As 2019 ends, I’m near to completing my New Year’s Resolution. I’ve never actually been successful in that. How many of us have? Resolutions tend to be aspirational, and I have made many failed resolutions over the years.
I recently read Ben Bergeron’s book Chasing Excellence: A Story About Building the World’s Fittest Athletes. First-of-all, let me tell you this book isn’t just for, or about, athletes. Yes, Bergeron is a top-tier coach with such clients as Mat Fraser and Katrin Davidsdottir, two CrossFit Games’ champions. He also owns CompTrain, a training company that your local box has probably borrowed metcons from. I loved his book, but even as he says, it’s not because he shared anything most of us haven’t heard before.
What he did was organize it, explain it, give terrific examples, and made me really comprehend the parts. As I read and mulled over his information, I realize that he was right, that I DID know these things, and at times I have intuitively put them into practice. In fact, I put one of his suggestions into practice last year when I chose my New Year’s Resolution. It was the key.
Last year I decided I would accrue 200 work out sessions at my local CrossFit box. As of December 1st, I have 15 sessions left. It should be easy to pass the 200 mark. Why did this particular year’s fitness goal come true? Was it a SMART goal? Hell no, I hate those…great in theory, too complicated in practice. It was a process goal.
Process-focused: I didn’t resolve to achieve a result, like, say, perform 10 pull ups or get my first double-under. Those are outcomes I can’t actually control. I resolved to work on my process, dedicating myself to the task, not the outcome. Then success is a matter of maximizing the details that I can control. Results may or may not follow. This is the key thing, the one that Bergeron talks about a lot. He prepares his athletes to perform their best at the Games not through imagining competitions, not through analyzing competitors, and not through aiming for specific achievements but by dedication to their own training each day. When the Games come around, his athletes are focused, as always, on their work, on doing the things they have already been doing all year.
Gamified: I don’t care how sophisticated you are, you’re still human and competitive, so turning anything into a game is addictive. Besides the game that CrossFit does (the box whiteboard), the “game” I made was simply tracking on a sheet printed with the months that I hung in my kitchen. I got to cross off every day I was at the box. It’s simple, but satisfying. As the months wore on, looking at my sheet was a source of pride. It had plenty of pencil marks, was wrinkled, and each mark reflected hard work.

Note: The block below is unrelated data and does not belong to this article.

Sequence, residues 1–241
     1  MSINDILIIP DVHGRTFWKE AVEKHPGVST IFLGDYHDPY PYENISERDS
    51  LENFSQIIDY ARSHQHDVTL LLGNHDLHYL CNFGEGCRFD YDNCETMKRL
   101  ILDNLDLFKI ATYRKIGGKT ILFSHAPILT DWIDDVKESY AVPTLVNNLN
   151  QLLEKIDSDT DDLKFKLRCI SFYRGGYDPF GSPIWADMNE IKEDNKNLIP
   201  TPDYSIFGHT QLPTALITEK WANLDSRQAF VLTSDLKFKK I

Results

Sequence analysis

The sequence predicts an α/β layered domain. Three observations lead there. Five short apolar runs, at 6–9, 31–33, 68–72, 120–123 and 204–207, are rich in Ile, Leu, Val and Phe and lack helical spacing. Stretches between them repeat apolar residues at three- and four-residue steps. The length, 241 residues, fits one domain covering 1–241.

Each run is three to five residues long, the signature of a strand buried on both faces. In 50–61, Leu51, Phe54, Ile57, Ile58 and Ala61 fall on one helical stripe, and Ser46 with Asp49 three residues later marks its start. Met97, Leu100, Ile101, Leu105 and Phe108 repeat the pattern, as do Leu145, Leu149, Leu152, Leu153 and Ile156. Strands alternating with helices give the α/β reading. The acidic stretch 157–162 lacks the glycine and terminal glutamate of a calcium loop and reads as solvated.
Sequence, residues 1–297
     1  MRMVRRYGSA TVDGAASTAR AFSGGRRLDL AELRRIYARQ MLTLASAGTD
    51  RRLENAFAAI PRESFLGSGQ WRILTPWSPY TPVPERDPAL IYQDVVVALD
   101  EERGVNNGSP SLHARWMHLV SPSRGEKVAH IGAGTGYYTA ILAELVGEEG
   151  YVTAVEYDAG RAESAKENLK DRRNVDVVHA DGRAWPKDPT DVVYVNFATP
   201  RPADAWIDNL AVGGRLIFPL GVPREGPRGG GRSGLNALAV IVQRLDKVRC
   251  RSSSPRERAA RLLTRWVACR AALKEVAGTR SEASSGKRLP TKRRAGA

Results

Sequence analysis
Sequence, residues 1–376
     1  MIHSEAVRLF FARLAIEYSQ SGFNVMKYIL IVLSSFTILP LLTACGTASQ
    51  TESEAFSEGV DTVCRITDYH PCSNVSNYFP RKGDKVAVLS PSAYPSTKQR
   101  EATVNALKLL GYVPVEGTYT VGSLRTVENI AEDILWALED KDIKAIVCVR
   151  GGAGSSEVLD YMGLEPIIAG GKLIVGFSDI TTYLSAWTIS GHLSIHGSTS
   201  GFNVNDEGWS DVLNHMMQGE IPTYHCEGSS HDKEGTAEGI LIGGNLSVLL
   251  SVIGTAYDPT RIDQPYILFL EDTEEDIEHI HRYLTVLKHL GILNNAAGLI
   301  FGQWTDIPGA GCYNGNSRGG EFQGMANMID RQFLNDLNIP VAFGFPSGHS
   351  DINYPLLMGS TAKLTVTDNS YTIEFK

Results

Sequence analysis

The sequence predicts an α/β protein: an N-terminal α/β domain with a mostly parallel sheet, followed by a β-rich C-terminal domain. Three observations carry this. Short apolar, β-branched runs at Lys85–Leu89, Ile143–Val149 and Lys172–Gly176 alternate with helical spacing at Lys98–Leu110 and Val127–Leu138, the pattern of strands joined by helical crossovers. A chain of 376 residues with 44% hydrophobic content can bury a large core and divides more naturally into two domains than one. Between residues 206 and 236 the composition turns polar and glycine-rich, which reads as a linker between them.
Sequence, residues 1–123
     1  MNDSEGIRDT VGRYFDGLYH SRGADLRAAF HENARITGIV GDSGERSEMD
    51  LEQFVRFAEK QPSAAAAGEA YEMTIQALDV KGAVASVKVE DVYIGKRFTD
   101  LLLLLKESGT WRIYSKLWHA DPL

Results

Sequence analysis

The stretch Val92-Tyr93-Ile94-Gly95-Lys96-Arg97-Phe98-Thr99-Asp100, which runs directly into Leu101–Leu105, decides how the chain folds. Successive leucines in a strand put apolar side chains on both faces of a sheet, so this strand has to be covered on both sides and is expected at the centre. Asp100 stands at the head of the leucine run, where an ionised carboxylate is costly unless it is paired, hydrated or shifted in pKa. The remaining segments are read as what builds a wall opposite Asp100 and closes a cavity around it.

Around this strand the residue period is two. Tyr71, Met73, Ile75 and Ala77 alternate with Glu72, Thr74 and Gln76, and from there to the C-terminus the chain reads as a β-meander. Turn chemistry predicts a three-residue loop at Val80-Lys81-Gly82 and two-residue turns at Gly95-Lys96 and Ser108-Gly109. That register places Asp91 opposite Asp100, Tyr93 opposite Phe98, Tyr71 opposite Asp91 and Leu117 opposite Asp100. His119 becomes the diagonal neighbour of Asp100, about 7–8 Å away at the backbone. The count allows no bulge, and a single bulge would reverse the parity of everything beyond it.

Accountable: No one was depending on me to show up. I was just another member among dozens. I also left some flexibility that could have become disastrous; that is, if I needed to get 200 overall, maybe I could take a few weeks off this month and make it up next month, right? I found three things that kept me accountable.
- First, sharing my success on my Instagram account. Each month I posted the month’s results.
- Second, taking care with social dynamics. For example, do you feel it’s important that your box mates know who you voted for? If it is important enough that you’re willing to risk awkwardness and avoidance, then go for it. But maybe you can share that with people you get to know a little better outside the box. As a member of the LGBTQ community I find I can feel betrayed to discover someone I respected thinks I’m some sort of evil. I’d rather just not know.
- Third, thinking about the money. CrossFit is pricey compared to going to a globogym, and there are excellent reasons why it should be. I’m happy to pay for the privilege and don’t begrudge the owners and coaches anything. However, I also realize the more I went, the less I paid per session. In other words, I got much more for my money when I attended 15+ sessions in a month versus the 4-8 that many trainers expect.
My resolution for 2020 will be about something entirely different from fitness. It will be about my art. But the things I learned this year have helped me to plan better. I expect I won’t have just aspirations in 2020.